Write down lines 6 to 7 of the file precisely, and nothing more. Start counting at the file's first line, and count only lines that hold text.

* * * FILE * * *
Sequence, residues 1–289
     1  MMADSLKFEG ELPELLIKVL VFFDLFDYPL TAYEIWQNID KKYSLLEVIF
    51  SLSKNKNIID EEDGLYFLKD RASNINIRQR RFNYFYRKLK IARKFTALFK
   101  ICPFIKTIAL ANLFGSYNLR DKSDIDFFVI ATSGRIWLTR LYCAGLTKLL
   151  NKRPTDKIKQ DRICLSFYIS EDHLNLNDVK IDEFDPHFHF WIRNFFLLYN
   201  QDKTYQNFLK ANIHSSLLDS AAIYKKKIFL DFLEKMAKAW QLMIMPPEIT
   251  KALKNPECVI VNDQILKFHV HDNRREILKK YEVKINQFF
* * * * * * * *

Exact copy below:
   201  QDKTYQNFLK ANIHSSLLDS AAIYKKKIFL DFLEKMAKAW QLMIMPPEIT
   251  KALKNPECVI VNDQILKFHV HDNRREILKK YEVKINQFF